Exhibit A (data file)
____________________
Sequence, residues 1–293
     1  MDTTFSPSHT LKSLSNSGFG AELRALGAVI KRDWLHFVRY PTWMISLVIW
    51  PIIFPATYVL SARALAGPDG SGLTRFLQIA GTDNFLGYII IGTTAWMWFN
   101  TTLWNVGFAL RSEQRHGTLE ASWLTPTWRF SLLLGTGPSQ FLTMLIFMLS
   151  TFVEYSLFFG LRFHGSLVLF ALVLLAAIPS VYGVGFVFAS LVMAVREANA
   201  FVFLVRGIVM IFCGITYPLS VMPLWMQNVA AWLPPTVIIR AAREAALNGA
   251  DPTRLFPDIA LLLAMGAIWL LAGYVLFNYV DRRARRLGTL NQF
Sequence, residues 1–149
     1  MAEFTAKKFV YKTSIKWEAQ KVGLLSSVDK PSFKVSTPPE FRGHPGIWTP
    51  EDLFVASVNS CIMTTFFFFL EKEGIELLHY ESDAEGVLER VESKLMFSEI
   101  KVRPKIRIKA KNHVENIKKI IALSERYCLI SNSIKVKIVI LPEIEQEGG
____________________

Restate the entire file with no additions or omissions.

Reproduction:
Sequence, residues 1–293
     1  MDTTFSPSHT LKSLSNSGFG AELRALGAVI KRDWLHFVRY PTWMISLVIW
    51  PIIFPATYVL SARALAGPDG SGLTRFLQIA GTDNFLGYII IGTTAWMWFN
   101  TTLWNVGFAL RSEQRHGTLE ASWLTPTWRF SLLLGTGPSQ FLTMLIFMLS
   151  TFVEYSLFFG LRFHGSLVLF ALVLLAAIPS VYGVGFVFAS LVMAVREANA
   201  FVFLVRGIVM IFCGITYPLS VMPLWMQNVA AWLPPTVIIR AAREAALNGA
   251  DPTRLFPDIA LLLAMGAIWL LAGYVLFNYV DRRARRLGTL NQF
Sequence, residues 1–149
     1  MAEFTAKKFV YKTSIKWEAQ KVGLLSSVDK PSFKVSTPPE FRGHPGIWTP
    51  EDLFVASVNS CIMTTFFFFL EKEGIELLHY ESDAEGVLER VESKLMFSEI
   101  KVRPKIRIKA KNHVENIKKI IALSERYCLI SNSIKVKIVI LPEIEQEGG